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Sunday, August 11, 2002 - Page updated at 12:00 AM

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Les Carpenter / NFL reporter

Engineer leaves mark on Seahawks Stadium

There will come a day this fall, with the raindrops pelting their brand-new stadium, that the Seahawks will turn their helmeted heads to a stormy sky and thank Michael Soligo. They probably won't even know his name.

Which is nothing new, it's been this way for years in city after city across North America. No one ever hears about the little people. Even if this structural engineer from a little town outside Toronto is at least partially responsible for a few of Barry Bonds' 600 home runs, the White Sox's first division title of the 1990s and the fact that George W. Bush is in the White House.

Soligo laughs.

"Please don't hang that one on me," he says. "I don't want to start a border war with the States."

What he does, however, is keep stadium builders from making enormous mistakes, like the one San Francisco made so many years ago when it built Candlestick Park right in the absolute windiest part of the city.

In the office he shares with meteorologists, graphic engineers and various scientists (called RWDI), he studies wind patterns, builds wind tunnels and models all to determine precisely where wind will blow and rain will fall.

Imagine what would have happened if the builders of the ballpark for Bush's Texas Rangers hadn't employed Soligo's services. The original design for the stadium called for the stands to end before center field, leaving a wide-open space behind the fence that would look deep into the Texas sky.

Soligo's models said a huge daily gale would come howling off the plains and roar right through the opening, making home runs nearly impossible. He suggested the Rangers close the opening, which they did with an obtrusive but wind-blocking office building. Then he recommended huge advertising panels for the stadium's roof that further reduced the gusts.

Had the Rangers not hired him or failed to heed his advice, then the stadium that made Bush's political and business career might never have been a success and we might never have heard of Katherine Harris, hanging chads or the morning Donald Rumsfeld briefing.

Then again, had the Giants not hired Soligo to find the best ways to cut down on swirling winds at Pacific Bell Park, Bonds wouldn't have had his clear shots at McCovey's Cove or his 73 home runs last year.

The White Sox hired him to advise them on what kind of a lineup they should use in new Comiskey Park.

Heck, he knew long before Ken Griffey Jr. and Alex Rodriguez that the winds and cool air would knock their home-run drives flat out of the sky. In fact, if someone had only thought to ask while Safeco was being built, he and the others at RWDI would have done a study on the effects of the late-day sun on the park's hitting background — eliminating the biggest of the Mariners' headaches.

That's how subtle but significant his research is. Each $20,000 study RWDI conducts could be worth millions to its clients.

In the case of the Seahawks, who opened their glittering new stadium last night, the effects of his work might not come clear for several months but could result in a very important advantage. Professional football outdoors is still a new concept in Seattle. But in the brief time the Seahawks were at Husky Stadium, they discovered the weather brought a definite advantage. Teams that came in to play them did not adjust well to the wind and the icy rain.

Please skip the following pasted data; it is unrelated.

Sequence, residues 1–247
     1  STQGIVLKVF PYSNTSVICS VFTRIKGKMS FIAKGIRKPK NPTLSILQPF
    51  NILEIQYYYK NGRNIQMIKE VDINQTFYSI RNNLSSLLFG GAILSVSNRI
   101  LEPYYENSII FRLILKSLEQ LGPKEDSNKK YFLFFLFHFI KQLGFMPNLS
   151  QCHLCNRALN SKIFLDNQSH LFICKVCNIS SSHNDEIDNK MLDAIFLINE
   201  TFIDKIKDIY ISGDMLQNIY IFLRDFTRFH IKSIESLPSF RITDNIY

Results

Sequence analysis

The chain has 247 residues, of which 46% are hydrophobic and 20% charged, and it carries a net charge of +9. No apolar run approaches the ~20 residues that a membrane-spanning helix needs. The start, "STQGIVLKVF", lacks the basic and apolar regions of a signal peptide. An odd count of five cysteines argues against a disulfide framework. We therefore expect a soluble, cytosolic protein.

Soligo will not talk about the specifics of his research for the Seahawks, but according to those familiar with the project, the RWDI people — using years of information from the climatic data center in North Carolina — discovered that the winds at the new stadium will carry right over the roof on the west side. This should leave the west stands, the west sideline and even part of the field on the west side relatively dry, while putting the east sideline straight in the face of a sometimes bitter wind.

Using this knowledge, the stadium was built with the Seahawks' bench on the west sideline, exposing opponents to the elements on the east side. And if you don't think this is important, just ask the Dallas Cowboys, who couldn't handle the rain that whipped in their faces last December.

"We knew all week what it was going to be like, there's just no way to prepare for it," Cowboys kick returner Reggie Swinton said after their 29-3 loss here.

"In any stadium or arena we design, we create a home-field advantage," said Ellerbe Becket's Kelly Kerns, who oversaw the building of the stadium.

And given the way things have gone for the Seahawks the last several years, they could use an advantage or two. After all, the Kingdome, with archaic acoustics, once brought them a huge edge. This place has the potential to do the same.

And all because of an unknown structural engineer from outside Toronto who spent his Friday evening buying athletic shoes.

"We're just a bunch of engineers and scientists with an entrepreneurial flair," he said.

That and a very big influence on the games that are played.

Les Carpenter: 206-464-2280 or lcarpenter@seattletimes.com.

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